By James David
Killeen Daily Herald
Texas Veterans Commission counselors and specialists plied their trade in an unlikely setting Tuesday night in Killeen – a television studio. The commission celebrated its 80th anniversary of service to Texas veterans by conducting a live call-in show dubbed "Vet-A-Thon" at the KPLE, Channel 31 studios.
The commission was formed in 1927 by the 40th Texas State Legislature as the Veterans State Service Office to assist
Texas veterans by informing them of their rights and and entitlements. The name of the organization has evolved, but the overall mission remains the same.
Jim Neir, executive director of the Commission, explained its role.
"We have three programs we run and help Texas veterans with," Neir said. "Claims representation and counseling, veterans employment services, and veterans education program."
Neir said claims representation involves assisting veterans with filing claims with the U.S. Department of Veterans Affairs. The commission has a statewide network of trained veterans counselors to assist veterans filing claims for benefits from the VA. The assistance includes everything from filing the claim to representing the veteran
at a VA hearing or filing an appeal of a VA decision. As such, the commission is an advocate for the state's veterans.
"The claims department of the TVC is supported by the state's general revenue fund," Neir said.
Two programs have recently been added, the Veterans Employment services, and the Veterans Education Program.
"Those are supported by a federal grant on employment and a Department of Veterans Affairs grant on education," he said.
The commission has grown, as the last two services have been added only since the Spring of 2006.
"We have so many young veterans now that are eligible," Neir said. "The guardsmen and reservists are
a growing segment here in Texas."
If a reservist serves over 180 days on active duty (other than training) he or she has veterans status for benefits purposes. "That now brings us up to over 1.7 million veterans in the state, all eligible for our programs," Neir said.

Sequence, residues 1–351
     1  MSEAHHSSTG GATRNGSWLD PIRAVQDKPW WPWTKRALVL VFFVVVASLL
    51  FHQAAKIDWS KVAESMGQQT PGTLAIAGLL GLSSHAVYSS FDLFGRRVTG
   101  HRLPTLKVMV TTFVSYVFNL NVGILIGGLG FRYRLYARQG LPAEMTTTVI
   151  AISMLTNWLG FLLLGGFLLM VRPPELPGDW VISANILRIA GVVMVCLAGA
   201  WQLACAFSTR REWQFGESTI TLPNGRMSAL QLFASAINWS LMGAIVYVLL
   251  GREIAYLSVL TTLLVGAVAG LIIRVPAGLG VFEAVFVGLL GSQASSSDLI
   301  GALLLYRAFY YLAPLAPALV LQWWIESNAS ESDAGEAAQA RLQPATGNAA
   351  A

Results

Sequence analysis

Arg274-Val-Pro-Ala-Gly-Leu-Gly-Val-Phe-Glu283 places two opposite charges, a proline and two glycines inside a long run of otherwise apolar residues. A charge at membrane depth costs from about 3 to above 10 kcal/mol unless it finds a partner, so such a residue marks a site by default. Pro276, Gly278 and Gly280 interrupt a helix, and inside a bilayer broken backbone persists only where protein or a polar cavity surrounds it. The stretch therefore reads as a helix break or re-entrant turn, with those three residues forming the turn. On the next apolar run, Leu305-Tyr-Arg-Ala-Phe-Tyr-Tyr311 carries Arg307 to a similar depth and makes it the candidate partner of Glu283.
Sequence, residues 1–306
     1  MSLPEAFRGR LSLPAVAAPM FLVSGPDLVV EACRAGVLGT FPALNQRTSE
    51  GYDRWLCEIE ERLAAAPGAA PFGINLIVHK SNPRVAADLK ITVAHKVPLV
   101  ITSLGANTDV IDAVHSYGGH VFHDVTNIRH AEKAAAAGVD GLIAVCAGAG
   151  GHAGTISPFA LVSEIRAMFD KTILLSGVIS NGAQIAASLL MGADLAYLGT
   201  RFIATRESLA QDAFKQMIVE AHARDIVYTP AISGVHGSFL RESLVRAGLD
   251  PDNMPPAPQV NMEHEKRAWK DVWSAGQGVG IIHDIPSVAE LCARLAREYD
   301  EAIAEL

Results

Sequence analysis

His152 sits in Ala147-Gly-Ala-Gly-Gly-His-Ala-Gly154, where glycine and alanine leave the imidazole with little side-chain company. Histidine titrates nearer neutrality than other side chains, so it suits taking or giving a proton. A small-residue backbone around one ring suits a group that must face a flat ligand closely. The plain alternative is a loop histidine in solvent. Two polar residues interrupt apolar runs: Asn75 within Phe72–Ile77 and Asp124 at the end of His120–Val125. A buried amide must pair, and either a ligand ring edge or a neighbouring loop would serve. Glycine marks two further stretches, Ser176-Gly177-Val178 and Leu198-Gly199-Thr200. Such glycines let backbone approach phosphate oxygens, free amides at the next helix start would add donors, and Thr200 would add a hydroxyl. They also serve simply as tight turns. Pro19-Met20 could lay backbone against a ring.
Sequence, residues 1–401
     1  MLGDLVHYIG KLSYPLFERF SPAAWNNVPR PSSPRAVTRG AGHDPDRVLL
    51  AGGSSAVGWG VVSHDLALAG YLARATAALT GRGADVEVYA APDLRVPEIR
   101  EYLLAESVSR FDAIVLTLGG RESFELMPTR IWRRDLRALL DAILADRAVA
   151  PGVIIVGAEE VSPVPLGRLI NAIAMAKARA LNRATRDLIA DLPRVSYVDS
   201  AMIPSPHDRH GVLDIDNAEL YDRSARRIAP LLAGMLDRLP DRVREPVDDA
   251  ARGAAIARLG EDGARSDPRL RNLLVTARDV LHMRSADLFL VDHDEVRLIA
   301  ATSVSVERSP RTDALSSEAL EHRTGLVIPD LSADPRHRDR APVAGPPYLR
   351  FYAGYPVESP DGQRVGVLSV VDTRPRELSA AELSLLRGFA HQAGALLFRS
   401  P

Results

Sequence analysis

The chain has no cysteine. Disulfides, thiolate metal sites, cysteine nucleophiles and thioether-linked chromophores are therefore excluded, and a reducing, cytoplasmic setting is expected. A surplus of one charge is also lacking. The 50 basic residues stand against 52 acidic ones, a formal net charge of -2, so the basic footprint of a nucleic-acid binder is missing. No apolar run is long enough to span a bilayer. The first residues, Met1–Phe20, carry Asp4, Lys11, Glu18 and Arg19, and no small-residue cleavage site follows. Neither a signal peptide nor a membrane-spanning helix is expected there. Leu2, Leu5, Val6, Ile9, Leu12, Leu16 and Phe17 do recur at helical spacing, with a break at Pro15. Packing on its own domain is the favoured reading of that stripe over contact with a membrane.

Neir comes to the job with plenty of experience. A retired military member, he also has been the national and state commander of the Veterans of Foreign Wars.
The moderator for the live roundtable format, Rebecca Guthrie, questioned the assembled staff of Veterans Affairs experts.
Connie Jacksits, director of Veterans Education Services, addressed the many educational opportunities available for Texas veterans, including the Texas-specific Hazlewood Act, and versions of the G.I. Bill, including one for reservists who have deployed for the Global War on Terrorism.
Bill Wilson, director of Veterans Employment Services, said veterans will receive personalized service at the Texas Workforce Commission from the Veterans Commission representatives.
"We can translate your MOS (military occupational specialty) into civilian language on a resume or job application" Wilson said.
The Texas Veterans Commission's local office is located at the Central Texas Workforce Center in Killeen at 300 Cheyenne Street. Contact TVC spokeswoman
Pearl Alston at (254) 200-2000, extension 2040
More information is available at www.tvc.state.tx.us.
Statewide, there are 140 local offices, ready to help with any questions on veterans claims, education or employment services and benefits.
Contact James David at firstname.lastname@example.org or call (254)501-7463